Remarks by First Lady Laura Bush at Media Availability
Laura Bush: We expect [our children] to do hard work when they come to school.
WASHINGTON, May 20 /PRNewswire/ -- The following is a transcript of remarks by First Lady Laura Bush at a media availability:
William Walker Elementary School
May 19, 2004
12:00 P.M. PDT
MRS. BUSH: Hello. I'm so glad to be here today. I'm really excited to be here in Oregon at the William Walker Elementary School. They are a great example for other schools here in the state and for schools around our country, a school that's used the Reading First money that you can get from the No Child Left Behind Act, to make sure their kindergarten, first, second and third grade students learn to read, so that when they leave the third grade, they have met our national goal, the goal of the No Child Left Behind Act, and that is to make sure every child learns to read by the third grade.
We were joined this morning by Dr. Ed Kame'enui, who is -- he is from the University of Oregon. And I don't know if you know that the University of Oregon's education department was one of the first universities to crack the code, so to speak, of how children learn to read. And there are three -- Secretary Rod Paige set up three Reading First technological assistance schools that can help other elementary schools and high schools with Reading First around the country, and one is here at the University of Oregon. The other two are at the University of Texas and Florida State University.
So a lot of the reading research that's used in this school and used around the country started here actually at the University of Oregon in their education department. So you've got a great resource in your own state of people that you can use for you first and other educational initiatives that try to make sure children learn to read.
In the roundtable, you heard a very important part of Reading First, and in fact a very important part of teaching, and that is testing. And that's to make sure the children you're teaching have learned what you want them to learn, while you still have time to adjust your curriculum or adjust your teaching before the end of the schooling year. And they talk about these one- or two-minute tests that they give. It's not anything punitive but, instead, it's a way to diagnose problems that students have so that school districts and teachers and principals can address those problems.
So I'm really glad to be here. And now I'll be glad to take your questions.
Q Mrs. Bush, there have been a few changes to the No Child Left Behind Act --
MRS. BUSH: No, no, a lot of the changes had to do with special education students, the students with disabilities. And I think that those were necessary. But I also think it's absolutely necessary for children with disabilities to be included as much as they possibly can be in academic work at every school, at every level that they can be included. And I think that's an important part of it. But that's part of the changes in the No Child Left Behind Act and that came from the Secretary of Education who was here recently.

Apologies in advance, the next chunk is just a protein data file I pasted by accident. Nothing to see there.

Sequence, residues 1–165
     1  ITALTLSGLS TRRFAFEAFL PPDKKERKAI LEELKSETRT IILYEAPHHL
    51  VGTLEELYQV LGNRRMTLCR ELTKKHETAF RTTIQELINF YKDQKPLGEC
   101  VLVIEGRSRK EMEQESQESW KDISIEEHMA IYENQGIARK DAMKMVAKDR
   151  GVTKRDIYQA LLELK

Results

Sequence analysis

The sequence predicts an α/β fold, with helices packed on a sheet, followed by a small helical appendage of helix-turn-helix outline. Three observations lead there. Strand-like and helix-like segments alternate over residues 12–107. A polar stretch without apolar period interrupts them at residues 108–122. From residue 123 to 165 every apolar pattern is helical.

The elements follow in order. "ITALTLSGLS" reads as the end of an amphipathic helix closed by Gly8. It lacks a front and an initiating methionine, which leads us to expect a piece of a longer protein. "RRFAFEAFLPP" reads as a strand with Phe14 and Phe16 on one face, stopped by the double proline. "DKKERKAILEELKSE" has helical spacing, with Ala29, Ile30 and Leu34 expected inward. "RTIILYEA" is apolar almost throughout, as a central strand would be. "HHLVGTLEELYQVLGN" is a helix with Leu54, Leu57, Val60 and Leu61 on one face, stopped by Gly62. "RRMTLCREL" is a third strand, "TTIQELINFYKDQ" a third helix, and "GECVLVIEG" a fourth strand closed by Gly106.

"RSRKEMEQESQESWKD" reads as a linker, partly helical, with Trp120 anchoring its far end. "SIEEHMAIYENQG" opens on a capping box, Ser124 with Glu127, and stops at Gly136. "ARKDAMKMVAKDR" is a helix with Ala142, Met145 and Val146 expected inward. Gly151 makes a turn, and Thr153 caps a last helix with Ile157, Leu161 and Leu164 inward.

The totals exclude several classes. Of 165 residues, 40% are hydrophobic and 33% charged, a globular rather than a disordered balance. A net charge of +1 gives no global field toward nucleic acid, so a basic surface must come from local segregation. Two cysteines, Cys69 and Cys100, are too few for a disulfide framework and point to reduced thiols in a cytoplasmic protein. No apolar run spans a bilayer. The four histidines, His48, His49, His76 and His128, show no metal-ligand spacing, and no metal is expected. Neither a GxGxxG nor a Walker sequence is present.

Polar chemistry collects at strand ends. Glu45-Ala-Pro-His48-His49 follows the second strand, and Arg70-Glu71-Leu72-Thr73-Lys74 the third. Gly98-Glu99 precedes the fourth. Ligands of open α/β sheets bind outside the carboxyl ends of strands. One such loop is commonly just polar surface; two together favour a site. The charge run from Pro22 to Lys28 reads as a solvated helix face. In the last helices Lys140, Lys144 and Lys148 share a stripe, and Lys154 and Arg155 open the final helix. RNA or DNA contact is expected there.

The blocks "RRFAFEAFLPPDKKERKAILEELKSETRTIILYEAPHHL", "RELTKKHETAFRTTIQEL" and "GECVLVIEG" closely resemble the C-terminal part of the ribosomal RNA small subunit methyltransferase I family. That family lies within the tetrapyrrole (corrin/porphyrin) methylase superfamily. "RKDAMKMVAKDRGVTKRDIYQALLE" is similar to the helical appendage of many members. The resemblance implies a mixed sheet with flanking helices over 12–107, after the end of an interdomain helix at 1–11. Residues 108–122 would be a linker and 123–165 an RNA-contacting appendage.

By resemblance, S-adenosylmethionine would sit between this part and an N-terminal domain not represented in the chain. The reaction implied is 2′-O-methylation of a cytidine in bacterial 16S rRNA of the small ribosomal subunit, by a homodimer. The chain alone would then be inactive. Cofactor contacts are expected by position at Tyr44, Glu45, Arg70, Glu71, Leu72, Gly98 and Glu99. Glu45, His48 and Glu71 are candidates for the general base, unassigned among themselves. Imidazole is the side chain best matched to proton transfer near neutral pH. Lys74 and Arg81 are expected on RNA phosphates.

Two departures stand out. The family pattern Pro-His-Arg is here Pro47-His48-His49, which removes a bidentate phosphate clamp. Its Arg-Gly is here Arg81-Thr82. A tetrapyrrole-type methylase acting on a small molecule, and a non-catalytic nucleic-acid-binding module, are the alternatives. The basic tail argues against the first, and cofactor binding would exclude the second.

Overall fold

The No Child Left Behind -- the requirements of states and school districts under the No Child Left Behind Act are difficult. It requires the state department of educations and local school districts and schools to be organized, to organize themselves to do hard work. For instance, the work they had to do to receive the money here, the Reading First money at William Walker.
But also, we all know that that's what our children deserve. We expect them to do hard work when they come to school. And I know parents and community leaders also expect everyone who is involved in schools, from their state department of education down to the classroom, to do hard work. That's what our children deserve. It's incumbent upon us as adults and teachers and principals and community leaders to make sure we're doing the very best we can for our children.
And it's not fair to let them move through first and second and third and fourth and fifth and then end up in the ninth grade and not know how to read. Those are the children who drop out, usually, the students who drop out, the ninth graders who have gotten that far.
And if you only do what they did before, which is test once at the end of the year, then you let some children waste the whole year, because you haven't addressed the problems that they have. So there's no doubt it's hard. There are a lot of things that require a lot of organization on the part of education departments and school districts because of the No Child Left Behind Act.